After Apple released the original iPhone to great acclaim, the biggest mobile phone maker of the day, Nokia, vowed to beat it at its own game. At first it tried to undercut the price with the ambitious but imperfect Nokia 5800 XpressMusic, its first touch-driven Symbian S60 smartphone.
That didn’t work out – the 5800 had its flaws, but it did help software developers and users familiarize with the new software stack and interface. Symbian S60 5th edition was a brand new touch UI unrelated to previous efforts like S80 or UIQ.
With the worst issues ironed out, the stage was set for the Nokia N97, or as Nokia saw it, the phone that would put an end to that silly iPhone. However, in a heavy case of irony the N97 did more to kill Nokia itself than it did the iPhone.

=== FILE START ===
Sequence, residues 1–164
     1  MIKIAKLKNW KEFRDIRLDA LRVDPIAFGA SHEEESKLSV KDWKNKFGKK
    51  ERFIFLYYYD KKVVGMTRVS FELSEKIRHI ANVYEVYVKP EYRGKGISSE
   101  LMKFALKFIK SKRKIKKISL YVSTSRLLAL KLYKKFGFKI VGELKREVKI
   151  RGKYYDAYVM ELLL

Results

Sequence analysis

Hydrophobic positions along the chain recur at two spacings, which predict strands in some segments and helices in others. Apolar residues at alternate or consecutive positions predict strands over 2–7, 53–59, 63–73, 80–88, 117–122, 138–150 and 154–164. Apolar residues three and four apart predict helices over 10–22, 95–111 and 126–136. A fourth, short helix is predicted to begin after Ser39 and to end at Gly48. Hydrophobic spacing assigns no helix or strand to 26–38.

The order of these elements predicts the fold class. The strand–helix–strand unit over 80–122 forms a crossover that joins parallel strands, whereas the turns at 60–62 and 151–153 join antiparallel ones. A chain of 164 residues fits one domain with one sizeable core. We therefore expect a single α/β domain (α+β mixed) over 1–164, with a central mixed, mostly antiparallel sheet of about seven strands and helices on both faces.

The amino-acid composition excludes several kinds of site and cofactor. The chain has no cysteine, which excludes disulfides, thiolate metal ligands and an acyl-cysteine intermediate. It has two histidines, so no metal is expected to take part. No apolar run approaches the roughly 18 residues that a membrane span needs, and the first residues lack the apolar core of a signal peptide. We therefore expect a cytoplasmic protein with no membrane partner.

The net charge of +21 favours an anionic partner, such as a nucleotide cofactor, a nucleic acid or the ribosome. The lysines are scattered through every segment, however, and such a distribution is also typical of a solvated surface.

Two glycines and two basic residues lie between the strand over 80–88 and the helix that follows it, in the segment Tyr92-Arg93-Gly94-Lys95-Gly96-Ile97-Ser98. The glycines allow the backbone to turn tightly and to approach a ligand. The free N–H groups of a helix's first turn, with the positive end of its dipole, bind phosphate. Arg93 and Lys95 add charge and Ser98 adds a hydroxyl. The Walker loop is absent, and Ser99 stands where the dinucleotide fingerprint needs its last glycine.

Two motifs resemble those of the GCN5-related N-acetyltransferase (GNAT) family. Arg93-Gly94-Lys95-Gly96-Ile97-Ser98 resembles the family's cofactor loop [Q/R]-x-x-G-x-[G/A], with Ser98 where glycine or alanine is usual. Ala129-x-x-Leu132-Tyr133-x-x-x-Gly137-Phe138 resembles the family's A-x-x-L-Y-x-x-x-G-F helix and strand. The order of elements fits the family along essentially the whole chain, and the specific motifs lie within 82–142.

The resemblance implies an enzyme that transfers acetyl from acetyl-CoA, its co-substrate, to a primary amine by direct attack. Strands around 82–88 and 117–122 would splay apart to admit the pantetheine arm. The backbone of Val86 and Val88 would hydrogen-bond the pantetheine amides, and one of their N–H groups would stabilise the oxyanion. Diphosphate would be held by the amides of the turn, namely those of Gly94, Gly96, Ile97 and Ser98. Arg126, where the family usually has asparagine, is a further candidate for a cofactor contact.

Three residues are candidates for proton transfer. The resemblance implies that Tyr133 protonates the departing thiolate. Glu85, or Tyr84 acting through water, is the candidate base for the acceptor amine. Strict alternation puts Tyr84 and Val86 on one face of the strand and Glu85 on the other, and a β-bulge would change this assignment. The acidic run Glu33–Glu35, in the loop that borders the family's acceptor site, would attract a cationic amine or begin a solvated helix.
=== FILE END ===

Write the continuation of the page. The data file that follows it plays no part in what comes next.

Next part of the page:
There are many reasons why this phone and its siblings failed, but the perhaps the biggest factors were that users now expected to download complex apps from app stores. Neither the N97 nor the Ovi Store were prepared for that.
Here’s Will with the latest installment in the Flashback video series to explain just what went wrong:
You’ve probably heard how this story ends. Symbian had one last hurrah with the Nokia 808 PureView, which we featured in a previous video, while Nokia went the Microsoft way to try and reinvent both desktop and mobile Windows for the touch future.
It did that by transplanting Windows Phone 7 into the body of the Nokia N9 and in the process killing off its more promising touch OS, MeeGo. For better or for worse the Nokia N97, Symbian, MeeGo and Windows Phone are now just digital relics.